0203 397 8891
Open today: 9:00am - 6:00pm
From the sticky handrails of the conveyor belt to the departure gate and the recycled air of the pressurised cabin, travelling can present personal obstacles for the hygiene conscious. Common touch points, shared plane bathrooms and food prepared by others only contribute to the anxiety of travellers. You may even be thinking about postponing your holiday due to travel hygiene concerns.
Keep the peace of mind needed to enjoy your wellness holiday with our top hygiene tips for travelling in 2020. Stay safe on long over-night flights to South East Asia with easy access to a high ethanol hand sanitizer. Fight off cold and flu viruses in foreign airports with our must-dos on oral hygiene. No matter where you’re going or how you’re getting there: stay hygienic and have fun.
At Health and Fitness Travel, we are continuously communicating with our suppliers to keep up to date on the regulations and reopening of our destinations and wellness retreats. In line with our Book with Confidence policy, if anything changes between the date of booking and your arrival we will work to rearrange or refund your healthy holiday, and prepare you for any procedures and measures in place during your stay.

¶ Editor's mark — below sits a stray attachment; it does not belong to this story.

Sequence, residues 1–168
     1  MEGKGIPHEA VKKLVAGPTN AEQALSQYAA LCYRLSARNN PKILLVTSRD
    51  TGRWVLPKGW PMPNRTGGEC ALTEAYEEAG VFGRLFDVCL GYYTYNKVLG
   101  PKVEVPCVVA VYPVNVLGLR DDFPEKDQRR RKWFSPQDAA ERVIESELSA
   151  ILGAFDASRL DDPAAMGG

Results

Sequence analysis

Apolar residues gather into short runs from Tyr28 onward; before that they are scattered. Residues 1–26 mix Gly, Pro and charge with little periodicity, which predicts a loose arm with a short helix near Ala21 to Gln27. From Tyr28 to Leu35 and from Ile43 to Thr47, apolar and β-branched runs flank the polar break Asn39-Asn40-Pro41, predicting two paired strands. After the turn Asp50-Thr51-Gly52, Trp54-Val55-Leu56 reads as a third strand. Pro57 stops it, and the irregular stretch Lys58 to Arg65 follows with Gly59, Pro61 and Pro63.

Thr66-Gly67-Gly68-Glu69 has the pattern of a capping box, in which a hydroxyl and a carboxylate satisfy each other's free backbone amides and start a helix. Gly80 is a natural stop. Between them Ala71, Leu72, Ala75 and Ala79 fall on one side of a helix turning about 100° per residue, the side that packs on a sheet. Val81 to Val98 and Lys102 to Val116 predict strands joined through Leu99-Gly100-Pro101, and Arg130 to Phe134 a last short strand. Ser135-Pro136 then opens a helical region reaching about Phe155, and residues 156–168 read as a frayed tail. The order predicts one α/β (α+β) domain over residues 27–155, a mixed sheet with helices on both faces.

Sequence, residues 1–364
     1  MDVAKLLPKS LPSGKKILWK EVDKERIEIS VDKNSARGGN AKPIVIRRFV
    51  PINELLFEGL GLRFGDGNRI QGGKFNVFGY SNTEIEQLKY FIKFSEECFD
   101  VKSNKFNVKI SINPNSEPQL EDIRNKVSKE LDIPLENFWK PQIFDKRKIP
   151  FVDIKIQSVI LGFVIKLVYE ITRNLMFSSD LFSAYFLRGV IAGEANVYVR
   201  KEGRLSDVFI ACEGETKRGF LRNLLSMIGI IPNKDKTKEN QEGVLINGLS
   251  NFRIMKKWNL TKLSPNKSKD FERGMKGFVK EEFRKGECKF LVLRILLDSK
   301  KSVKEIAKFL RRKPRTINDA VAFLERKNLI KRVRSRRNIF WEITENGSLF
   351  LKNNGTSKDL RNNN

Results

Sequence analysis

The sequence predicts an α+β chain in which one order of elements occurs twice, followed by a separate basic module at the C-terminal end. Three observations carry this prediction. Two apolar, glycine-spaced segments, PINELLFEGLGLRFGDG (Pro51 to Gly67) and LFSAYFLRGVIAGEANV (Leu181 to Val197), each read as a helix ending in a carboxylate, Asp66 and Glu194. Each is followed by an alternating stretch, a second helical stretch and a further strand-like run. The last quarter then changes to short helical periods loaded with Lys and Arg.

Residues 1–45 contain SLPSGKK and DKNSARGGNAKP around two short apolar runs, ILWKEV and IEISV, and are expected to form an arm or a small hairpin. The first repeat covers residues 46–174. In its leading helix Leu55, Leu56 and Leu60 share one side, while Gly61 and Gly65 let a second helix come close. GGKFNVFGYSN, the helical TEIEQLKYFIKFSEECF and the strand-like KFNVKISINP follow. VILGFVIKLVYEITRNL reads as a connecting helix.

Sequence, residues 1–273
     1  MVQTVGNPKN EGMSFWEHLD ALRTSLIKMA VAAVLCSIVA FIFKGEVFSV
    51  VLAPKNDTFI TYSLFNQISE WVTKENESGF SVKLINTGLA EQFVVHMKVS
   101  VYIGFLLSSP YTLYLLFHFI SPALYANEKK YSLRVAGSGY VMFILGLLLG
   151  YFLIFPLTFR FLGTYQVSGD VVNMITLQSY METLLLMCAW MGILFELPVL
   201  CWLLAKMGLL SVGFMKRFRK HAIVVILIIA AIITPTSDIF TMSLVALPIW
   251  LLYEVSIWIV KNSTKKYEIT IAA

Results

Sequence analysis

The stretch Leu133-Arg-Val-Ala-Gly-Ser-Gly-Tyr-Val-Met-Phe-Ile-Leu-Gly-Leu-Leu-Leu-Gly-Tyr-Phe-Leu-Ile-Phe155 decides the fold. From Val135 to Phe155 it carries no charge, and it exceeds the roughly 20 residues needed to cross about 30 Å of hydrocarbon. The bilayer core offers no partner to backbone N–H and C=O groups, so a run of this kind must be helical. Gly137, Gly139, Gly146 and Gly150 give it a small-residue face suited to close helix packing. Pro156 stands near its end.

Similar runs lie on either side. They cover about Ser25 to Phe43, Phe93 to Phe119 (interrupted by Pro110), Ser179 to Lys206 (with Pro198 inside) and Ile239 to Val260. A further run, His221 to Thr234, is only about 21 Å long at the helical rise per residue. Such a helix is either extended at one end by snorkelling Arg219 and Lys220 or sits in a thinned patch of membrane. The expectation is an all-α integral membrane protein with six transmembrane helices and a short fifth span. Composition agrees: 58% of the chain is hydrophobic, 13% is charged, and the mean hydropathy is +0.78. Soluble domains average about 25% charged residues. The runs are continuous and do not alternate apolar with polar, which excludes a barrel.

It may seem obvious, but it needs reiterating as regular hand washing is critical to maintaining good hygiene. We use our hands for almost everything. Their heavy use means that they pick up a great deal of bacteria and become a place for colonies to easily form. Your hands have the potential to transfer bacteria to not only yourself but also to others. Washing your hands regularly before and after touching common touch points will help to keep you and others safe from harmful bacteria and viruses.
The bacteria on your hands needs to be kept away from your face. Your eyes, your mouth, your ears, and nose all provide inlets for bacteria to get access to the bloodstream or intestines. Regularly touching your face will spread the bacteria, you pick up on your hands, to the inlets of your body. Touching your face is a strong compulsion that we often do not recognise. Studies suggest that you touch your face as much as 16 times an hour. Try to keep your hands busy to keep them away from your face.